Book Review: Star Wars: Shadow of the Sith by Adam Christopher

Looking for your next read? Check out Star Wars: Shadow of the Sith by Adam Christopher, reviewed by Fulco Library staff, Jay N.

“I know, I was with him. Luke and I were tailing an old Jedi hunter, Ochi of Bestoon.”

This exchange from “The Rise Of Skywalker” may have seemed an odd way to bring Lando Calrissian into the story. What would he have been doing on some quest with Luke? Well, that’s what Adam Christopher is here to tell us. They were allies, central to the events of “Return Of The Jedi”, but we never saw them simply knowing each other. A seemingly odd couple makes for an enjoyable story, broadening our understanding of these forty-something war heroes.

The events of “Rise” provided the answer to Rey’s history, using elements of the previous two films and tying her into the main thread of the Skywalker saga. Left behind, yes, but to keep her safe. Her parents stalked by the remnants of the Sith and the Emperor because she is in fact his granddaughter (or daughter of a clone anyway)! Audiences saw her parents’ fate and what became of Luke’s Jedi temple and training Ben Solo, and even where Lor San Tekka ended up.

There’s a grim inevitability here. But a good writer can make a good story even if you already know the ending; can create suspense even if you know it’ll end in tears. A dread hangs over this story, but it’s compelling nonetheless to follow the twisting path. A haunted, down-on-his-luck Lando, searching for a daughter stolen by the First Order, overhears a certain Ochi talking about a job he’s been given by the Sith to kidnap a girl. “The SITH?!?” As far as anyone knows they’re extinct. Hurting from his own fruitless search, he knows he must contact his old friend Luke if this evil really is still out there.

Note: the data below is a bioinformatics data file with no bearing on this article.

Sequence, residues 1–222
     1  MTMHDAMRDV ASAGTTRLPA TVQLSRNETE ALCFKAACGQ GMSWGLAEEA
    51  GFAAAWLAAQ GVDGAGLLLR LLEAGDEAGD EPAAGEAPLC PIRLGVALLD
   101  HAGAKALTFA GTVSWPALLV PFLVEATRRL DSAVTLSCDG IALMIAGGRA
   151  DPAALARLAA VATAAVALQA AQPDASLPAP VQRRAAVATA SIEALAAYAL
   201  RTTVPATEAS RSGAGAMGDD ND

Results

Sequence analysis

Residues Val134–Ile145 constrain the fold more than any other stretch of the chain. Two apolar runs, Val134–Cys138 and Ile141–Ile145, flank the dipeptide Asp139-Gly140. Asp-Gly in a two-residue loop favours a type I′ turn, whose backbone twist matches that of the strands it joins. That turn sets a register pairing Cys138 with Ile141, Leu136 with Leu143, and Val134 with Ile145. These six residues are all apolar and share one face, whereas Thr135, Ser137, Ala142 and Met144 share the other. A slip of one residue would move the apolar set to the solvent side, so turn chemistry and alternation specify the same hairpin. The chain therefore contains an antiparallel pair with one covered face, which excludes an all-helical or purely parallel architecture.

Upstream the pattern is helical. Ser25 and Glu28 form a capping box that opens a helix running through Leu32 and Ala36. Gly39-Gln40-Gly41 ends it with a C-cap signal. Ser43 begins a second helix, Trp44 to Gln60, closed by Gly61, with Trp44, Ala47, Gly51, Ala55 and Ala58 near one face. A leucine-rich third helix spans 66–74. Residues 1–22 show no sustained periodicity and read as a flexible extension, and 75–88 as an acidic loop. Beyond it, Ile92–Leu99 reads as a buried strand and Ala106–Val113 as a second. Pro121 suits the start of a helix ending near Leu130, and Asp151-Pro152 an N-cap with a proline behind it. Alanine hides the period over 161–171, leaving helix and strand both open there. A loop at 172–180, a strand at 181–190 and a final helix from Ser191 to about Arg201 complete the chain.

Throughout the travails of the doomed family on the run and the attempts by our heroes to save them, there is a welcome informality to writing. Realistic dialogue both inner and outer. The space provided by a novel lets characters live, breathe and think to themselves. The audiobook performance by William DeMeritt further enriches this. There is plenty of humor and Christopher has some fun bringing an obscure 1980s toy into The Canon. But along with light is the dark and we go to quite sinister places as followers of the dark side, both living and dead, seek to manifest their domination.

“Shadow of the Sith” does a remarkable job of providing a backstory to the sequel films as well as carrying forward lore and events from previous novels. One plot connection is a little too convenient, but forgivable. Like the first trilogy, the third one was a bit made up as it went along, yet this story ties it all together with a deft touch and a warm, human voice. And who doesn’t like to hang out with Lando?

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Shadow of the Sith

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